Jul 7, 2020 - Economy

Breaking down the PPP disclosure debacle

A hand holding a list

Illustration: Eniola Odetunde/Axios

The U.S. Treasury Department Monday morning released the names of over 660,000 small businesses that received Paycheck Protection Program loans of at least $150,000, per its recent compromise with Congress. Well, at least that's what we thought Treasury did.

What happened: Within hours, several well-known companies and investment firms on the list denied that they had ever applied for PPP loans, let alone received them.

  • A handful of venture capital firms and funds were listed, but most claimed it was a mistake.
  • For example, Treasury reports that Foundation Capital VIII received between $1 million and $2 million. But Foundation's Dave Anderson says the loan actually was for a Foundation portfolio company.
  • Per an email: "The processing bank confirmed it was a data entry error on their end, and they are working with the SBA to correct the database. They also confirmed that the funds did go to the right company, and not Foundation Capital."
  • Foundation used Silicon Valley Bank, but there were similar alleged issues with plenty of other lenders — suggesting something more systemic.

Then there's e-scooter company Bird, which Treasury reports got a PPP loan of between $5 million and $10 million.

  • Bird claims it began an application with Citi, but ultimately decided against applying. Citi confirmed that it "has not funded a PPP loan for Bird."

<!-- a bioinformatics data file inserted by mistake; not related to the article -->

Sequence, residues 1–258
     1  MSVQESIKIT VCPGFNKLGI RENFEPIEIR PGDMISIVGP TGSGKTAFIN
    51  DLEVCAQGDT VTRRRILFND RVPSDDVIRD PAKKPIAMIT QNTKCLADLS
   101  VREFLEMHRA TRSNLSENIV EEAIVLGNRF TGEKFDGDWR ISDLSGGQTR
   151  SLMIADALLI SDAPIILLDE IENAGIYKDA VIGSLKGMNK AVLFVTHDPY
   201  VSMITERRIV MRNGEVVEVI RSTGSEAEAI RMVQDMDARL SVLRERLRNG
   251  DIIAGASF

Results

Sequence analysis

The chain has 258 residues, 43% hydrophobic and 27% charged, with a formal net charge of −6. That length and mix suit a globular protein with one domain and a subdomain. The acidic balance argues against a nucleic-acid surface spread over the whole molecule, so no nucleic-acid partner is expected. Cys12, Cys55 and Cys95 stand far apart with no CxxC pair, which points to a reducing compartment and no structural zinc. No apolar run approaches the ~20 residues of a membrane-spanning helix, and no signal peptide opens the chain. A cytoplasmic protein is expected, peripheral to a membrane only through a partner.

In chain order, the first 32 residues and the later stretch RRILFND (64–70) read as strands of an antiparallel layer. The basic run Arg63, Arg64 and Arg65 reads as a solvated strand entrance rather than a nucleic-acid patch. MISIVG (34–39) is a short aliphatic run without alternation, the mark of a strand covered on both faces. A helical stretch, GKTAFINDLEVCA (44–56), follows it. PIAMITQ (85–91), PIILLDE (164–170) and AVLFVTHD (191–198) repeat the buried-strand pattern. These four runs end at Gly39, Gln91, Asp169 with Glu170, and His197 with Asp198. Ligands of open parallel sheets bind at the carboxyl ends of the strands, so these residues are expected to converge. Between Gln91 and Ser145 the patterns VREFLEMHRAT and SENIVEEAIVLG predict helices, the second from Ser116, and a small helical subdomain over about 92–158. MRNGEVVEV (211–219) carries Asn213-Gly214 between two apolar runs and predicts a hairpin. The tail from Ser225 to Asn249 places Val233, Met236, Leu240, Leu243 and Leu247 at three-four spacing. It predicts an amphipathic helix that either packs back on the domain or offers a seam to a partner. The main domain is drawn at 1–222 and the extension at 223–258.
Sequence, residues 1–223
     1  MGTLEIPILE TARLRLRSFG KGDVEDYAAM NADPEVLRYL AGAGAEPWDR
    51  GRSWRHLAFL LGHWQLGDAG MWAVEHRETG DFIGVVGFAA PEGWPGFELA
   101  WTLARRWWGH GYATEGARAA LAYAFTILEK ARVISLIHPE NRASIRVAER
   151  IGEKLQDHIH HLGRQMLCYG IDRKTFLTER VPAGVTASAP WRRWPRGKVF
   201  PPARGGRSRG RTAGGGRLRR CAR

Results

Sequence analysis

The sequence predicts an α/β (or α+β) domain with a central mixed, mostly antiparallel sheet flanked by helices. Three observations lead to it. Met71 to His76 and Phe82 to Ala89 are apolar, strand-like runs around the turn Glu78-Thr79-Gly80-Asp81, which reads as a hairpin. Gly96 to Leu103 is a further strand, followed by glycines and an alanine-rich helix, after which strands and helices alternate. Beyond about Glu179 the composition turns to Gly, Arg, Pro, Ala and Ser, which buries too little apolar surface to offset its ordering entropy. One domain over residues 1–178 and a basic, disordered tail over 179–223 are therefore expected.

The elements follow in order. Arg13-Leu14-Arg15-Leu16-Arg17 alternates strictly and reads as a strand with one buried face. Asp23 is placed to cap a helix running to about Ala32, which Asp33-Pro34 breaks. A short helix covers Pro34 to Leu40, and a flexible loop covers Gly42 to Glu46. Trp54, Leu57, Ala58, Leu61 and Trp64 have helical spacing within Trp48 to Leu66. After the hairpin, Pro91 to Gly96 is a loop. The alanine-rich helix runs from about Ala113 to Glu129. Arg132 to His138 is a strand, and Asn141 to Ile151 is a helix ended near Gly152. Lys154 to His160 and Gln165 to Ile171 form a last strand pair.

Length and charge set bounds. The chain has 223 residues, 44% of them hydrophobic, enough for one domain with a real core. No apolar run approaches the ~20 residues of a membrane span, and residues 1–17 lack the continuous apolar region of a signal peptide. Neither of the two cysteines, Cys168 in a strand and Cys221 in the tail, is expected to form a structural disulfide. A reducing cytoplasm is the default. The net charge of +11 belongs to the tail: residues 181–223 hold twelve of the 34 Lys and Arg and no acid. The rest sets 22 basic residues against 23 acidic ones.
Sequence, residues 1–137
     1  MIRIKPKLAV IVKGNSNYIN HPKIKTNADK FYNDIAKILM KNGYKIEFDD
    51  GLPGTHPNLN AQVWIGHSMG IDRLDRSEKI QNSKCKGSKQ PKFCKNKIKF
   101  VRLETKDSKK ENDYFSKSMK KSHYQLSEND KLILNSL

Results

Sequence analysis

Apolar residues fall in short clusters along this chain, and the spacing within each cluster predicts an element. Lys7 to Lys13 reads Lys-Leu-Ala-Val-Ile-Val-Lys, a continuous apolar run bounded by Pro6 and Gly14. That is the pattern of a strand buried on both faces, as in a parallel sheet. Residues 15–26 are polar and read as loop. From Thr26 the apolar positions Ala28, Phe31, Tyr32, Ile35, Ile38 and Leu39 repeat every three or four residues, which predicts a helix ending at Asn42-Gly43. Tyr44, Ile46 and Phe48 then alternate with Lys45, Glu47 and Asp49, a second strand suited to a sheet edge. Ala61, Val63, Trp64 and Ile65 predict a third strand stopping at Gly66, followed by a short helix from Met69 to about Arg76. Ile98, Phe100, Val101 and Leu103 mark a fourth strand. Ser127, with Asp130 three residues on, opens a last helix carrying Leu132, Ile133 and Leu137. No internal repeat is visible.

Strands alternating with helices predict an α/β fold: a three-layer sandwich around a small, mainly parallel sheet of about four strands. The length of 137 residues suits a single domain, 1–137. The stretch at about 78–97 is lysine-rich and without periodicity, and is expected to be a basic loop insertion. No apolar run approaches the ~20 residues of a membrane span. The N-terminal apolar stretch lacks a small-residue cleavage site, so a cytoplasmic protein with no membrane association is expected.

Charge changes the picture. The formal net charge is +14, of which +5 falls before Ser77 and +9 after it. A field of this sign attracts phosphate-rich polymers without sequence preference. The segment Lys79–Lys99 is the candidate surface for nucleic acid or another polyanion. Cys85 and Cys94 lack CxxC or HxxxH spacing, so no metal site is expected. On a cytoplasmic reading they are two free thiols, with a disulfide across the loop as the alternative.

• A senior administration official told Axios: "Companies listed in today’s data disclosure had their PPP applications entered into SBA’s Electronic Transmission (ETran) system by an approved PPP lender. If a lender did not cancel the loan in the ETran system, the loan is listed as part of today’s data disclosure."
  • Citi says it processed around $3.5 billion in PPP loans.

Be smart: There were over 660,000 companies listed. And reporters only called a tiny percentage of them. If the error rate *we* found is representative of the larger sample, then who knows how many PPP loans there really were, or what companies they went to. Imagine if small businesses got shut out of the initial pool, and then shut down or laid off employees, if the initial pool wasn’t actually exhausted?

  • There’s going to need to be an audit, and not just the promised reviews of companies that got loans north of $2 million.
  • Was this just a bunch of fat fingers? Fraud? Incompetence? A combination of all three?

The bottom line: The purpose of these PPP disclosures was to better understand how the program worked, particularly ahead of a phase 4 stimulus. What we've learned is that we need even more disclosures.

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